As of late January, the current coronavirus outbreak has been linked to an about 2,118 infections, with current fatalities estimated at 56. That puts the fatality rate for this coronavirus strain at less than 3%, well below SARS and MERS.

While those statistics suggest that the current strain is less deadly than SARS or MERS, it’s clearly still too early to jump to any definitive conclusions. Market participants will therefore need to continue to monitor the current coronavirus outbreak carefully going forward to ensure they are managing risks in their portfolios appropriately.

And while the longer-term returns of the S&P 500 may not currently be under threat (based on the historical data in the table above), there has been a noticeable uptick in volatility across the global financial markets since the outbreak started making front-page news. 

Crude oil prices in particular have been hit pretty hard by expectations that global economic growth will suffer as a result of the epidemic. To learn more about the recent spike in oil volatility, traders may want to review a new installment of Closing the Gap: Futures Edition on the tastytrade financial network when scheduling allows. 

And the uptick in volatility hasn’t been limited to commodity futures.

Overall volatility in U.S. stock markets has risen as the number of infected has increased, with the VIX rising noticeably in recent days. 

Along those lines, the stocks (and associated options) of publicly traded companies whose fortunes are perceived to be closely tied to the current epidemic have also seen significant increases in volume and volatility.

As one can see in the list below, many of the companies attracting newfound interest are involved in either producing protective gear for the healthcare industry or developing potential treatments for coronavirus infections:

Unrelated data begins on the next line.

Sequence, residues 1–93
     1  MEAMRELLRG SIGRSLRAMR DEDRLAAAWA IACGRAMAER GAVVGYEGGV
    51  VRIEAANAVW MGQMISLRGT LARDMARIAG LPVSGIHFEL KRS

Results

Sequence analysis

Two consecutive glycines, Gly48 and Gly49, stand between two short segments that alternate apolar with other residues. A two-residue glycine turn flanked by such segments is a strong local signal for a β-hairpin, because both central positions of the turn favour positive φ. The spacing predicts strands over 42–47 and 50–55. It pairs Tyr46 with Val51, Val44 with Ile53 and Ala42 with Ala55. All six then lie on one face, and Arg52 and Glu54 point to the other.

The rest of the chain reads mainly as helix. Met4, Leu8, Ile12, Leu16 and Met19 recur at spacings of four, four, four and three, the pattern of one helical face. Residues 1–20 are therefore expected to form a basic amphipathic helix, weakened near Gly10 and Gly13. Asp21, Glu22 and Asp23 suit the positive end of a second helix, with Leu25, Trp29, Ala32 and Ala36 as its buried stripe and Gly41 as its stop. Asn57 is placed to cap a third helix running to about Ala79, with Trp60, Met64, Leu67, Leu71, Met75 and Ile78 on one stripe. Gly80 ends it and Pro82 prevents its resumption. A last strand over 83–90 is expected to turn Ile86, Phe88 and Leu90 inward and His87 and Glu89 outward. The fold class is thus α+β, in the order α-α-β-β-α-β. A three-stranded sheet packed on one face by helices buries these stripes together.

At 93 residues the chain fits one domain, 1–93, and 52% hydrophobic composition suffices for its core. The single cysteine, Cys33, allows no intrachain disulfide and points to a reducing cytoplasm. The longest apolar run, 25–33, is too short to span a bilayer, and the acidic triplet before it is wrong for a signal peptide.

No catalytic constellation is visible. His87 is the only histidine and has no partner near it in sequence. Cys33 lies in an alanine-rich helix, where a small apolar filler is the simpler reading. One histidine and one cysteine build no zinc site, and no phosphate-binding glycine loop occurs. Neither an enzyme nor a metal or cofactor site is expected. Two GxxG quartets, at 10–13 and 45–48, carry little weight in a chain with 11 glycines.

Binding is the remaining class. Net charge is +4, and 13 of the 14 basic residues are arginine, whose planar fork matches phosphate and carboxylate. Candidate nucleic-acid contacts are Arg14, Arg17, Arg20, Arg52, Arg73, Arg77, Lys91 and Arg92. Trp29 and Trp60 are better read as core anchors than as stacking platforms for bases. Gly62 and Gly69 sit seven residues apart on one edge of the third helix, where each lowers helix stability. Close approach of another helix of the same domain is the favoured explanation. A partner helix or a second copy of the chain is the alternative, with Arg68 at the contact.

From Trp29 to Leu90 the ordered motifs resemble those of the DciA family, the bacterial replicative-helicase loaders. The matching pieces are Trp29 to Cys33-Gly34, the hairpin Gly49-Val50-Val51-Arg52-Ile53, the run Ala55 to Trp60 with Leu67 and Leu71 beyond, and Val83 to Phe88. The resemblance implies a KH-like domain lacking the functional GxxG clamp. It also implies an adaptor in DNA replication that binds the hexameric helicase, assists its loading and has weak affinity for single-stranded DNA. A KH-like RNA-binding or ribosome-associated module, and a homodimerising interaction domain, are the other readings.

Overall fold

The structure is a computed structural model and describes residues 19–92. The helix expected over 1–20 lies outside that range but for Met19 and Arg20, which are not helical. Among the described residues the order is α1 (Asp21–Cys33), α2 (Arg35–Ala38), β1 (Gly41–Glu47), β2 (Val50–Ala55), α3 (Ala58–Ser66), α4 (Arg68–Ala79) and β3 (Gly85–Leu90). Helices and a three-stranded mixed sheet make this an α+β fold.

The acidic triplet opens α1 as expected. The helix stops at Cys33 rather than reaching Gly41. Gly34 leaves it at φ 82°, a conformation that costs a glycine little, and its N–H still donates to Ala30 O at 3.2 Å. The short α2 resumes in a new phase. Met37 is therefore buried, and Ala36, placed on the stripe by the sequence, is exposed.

• Alpha Pro Tech (APT): A manufacturer of masks and protective equipment for the healthcare industry
  • Lakeland Industries (LAKE): A producer of protective equipment geared toward health emergencies
  • Inovio Pharmaceuticals (INO): A vaccine developer focused on MERS treatments 
  • Novavax (NVAX): A vaccine developer focused on MERS and SARS
  • Allied Healthcare Products (AHPI): A manufacturer of respiratory equipment for the healthcare industry
  • NanoViricides (NNVC): A producer of medical treatments focused on bird flu and swine flu
  • Vaccinex (VCNX): A vaccine developer focused on a wide range of illnesses and diseases

The next issue of Luckbox magazine is focused on China. Help us with our coverage by lending your thoughts on the China Threat, Trade policy & Trump. Your responses may be published in our next issue. Check out the current Luckbox Reader Survey here.

Click here to read Part 2 of this series.

For more information on trading “news” in the markets, traders are encouraged to review a fresh installment of Futures Measures on the tastytrade network. For live updates, traders can also tune into tastytrade live from 7:00am-3:00pm CT every weekday.

Sage Anderson is a pseudonym. The contributor has an extensive background in trading equity derivatives and managing volatility-based portfolios as a former prop trading firm employee. The contributor is not an employee of Luckbox, tastytrade or any affiliated companies. Readers can direct questions about topics covered in this blog post, or any other trading-related subject, to support@luckboxmagazine.com.